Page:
“I’m a Belgian citizen,” Jan adds, “I have children of my own blood, and I’m being denied their citizenship.”
When you’re jumping through hoops that should never exist in the first place to have the same rights as any other parent, a supportive community becomes even more of a lifeline than ever, and that is what Jan found at VF.
When offered the role at Icebreaker, he explained to HR that they were expecting twins in three months, and he was told in response that it would be no problem at all, take your time and whatever you need. Jan and Jesse stayed in the US when the twins were born, and HR reassured them that there is no rush to come back, just come back when it is safe to do so.
Overall, the biggest support any workplace can give, explains Jan, is normalising all types of families. He was thrown a baby shower, and everyone encouraged him to bring the twins to work so they could meet them, and that’s how it should be because at the end of the day, a family is a family no matter the dynamic.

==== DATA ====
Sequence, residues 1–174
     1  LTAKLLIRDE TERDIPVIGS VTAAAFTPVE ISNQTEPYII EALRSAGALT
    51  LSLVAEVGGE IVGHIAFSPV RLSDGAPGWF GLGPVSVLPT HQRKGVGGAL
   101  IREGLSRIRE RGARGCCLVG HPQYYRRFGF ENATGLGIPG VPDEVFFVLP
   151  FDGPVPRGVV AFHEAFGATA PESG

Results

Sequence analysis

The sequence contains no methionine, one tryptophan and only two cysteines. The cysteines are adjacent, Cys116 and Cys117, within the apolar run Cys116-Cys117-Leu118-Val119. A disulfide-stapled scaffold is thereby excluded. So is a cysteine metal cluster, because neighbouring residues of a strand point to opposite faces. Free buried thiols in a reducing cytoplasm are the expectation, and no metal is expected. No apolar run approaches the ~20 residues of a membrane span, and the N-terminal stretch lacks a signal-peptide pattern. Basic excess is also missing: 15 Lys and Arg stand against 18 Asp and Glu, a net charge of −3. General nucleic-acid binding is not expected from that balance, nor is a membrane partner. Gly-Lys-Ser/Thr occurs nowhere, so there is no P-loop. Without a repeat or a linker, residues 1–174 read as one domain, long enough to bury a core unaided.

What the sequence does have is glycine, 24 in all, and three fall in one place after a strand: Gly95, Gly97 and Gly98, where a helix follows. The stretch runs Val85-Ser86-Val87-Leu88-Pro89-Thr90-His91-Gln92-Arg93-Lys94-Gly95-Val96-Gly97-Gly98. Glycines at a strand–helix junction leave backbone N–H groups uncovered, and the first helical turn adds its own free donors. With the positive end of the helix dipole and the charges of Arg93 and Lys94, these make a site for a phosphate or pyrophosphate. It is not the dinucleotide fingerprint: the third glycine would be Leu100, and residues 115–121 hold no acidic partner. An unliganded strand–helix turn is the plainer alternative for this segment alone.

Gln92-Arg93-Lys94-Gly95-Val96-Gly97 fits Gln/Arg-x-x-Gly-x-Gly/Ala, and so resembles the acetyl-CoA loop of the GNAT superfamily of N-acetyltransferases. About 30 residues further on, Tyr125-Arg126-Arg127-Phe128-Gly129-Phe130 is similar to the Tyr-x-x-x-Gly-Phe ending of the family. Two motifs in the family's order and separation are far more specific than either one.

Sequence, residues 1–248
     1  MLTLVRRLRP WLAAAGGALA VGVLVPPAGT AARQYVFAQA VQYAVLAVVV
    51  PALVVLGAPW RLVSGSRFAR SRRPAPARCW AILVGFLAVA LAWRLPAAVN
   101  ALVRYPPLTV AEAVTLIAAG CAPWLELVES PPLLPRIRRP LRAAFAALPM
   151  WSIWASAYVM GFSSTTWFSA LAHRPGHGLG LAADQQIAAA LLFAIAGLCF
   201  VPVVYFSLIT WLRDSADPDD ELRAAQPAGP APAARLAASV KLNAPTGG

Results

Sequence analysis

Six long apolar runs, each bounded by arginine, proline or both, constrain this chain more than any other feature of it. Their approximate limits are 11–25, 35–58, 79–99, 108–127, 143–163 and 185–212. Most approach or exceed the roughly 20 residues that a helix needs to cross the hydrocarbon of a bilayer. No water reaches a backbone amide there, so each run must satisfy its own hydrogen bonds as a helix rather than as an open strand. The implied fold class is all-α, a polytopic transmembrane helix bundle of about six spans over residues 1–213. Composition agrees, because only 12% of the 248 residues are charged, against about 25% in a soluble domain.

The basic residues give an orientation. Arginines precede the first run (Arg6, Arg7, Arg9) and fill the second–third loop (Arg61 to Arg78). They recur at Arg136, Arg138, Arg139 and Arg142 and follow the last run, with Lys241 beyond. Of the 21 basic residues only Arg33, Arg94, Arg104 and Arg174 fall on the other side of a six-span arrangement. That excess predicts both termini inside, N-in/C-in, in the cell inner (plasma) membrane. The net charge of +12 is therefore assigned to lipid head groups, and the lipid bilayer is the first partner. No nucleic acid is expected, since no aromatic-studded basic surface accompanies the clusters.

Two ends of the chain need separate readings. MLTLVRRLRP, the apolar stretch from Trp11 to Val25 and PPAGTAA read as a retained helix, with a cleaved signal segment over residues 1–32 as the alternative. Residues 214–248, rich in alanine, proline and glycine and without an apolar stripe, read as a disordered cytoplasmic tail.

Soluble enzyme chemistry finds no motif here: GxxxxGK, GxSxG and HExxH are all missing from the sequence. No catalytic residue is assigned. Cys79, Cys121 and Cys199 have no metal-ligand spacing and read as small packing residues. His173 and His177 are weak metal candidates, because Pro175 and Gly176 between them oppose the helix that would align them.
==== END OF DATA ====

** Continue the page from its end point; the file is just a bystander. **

Parenting is never an easy ride, no matter your identity or orientation, and yes, for the LGBTQ+ community, there are extra obstacles and barriers you may face. Still, Jan is unwavering in his belief that if it is a journey you want, you can and should go for it.
“Don’t be discouraged,” Jan reassures those that may not think it is possible for them.
“If you have the parenting bug, go for it. It might not be the obvious path, the easy path, or immediately right there to grab. But the LGBTQ+ community has all the rights and options to pursue that dream. I thought I would never be a parent because I thought that was not in my cards, even if I wanted it.
“And I took that as a given, but if I hadn’t realised that I had these options, I would not now be sitting here as a proud parent. So, if you want it, go for it. Be patient. It is a bit of a wobbly road, but that’s a part of parenting for everyone. It is not a given.
“Many couples struggle to have children, whatever the reason may be. Having kids is difficult. Getting there is difficult. I guess that’s why they call it the magic of life.”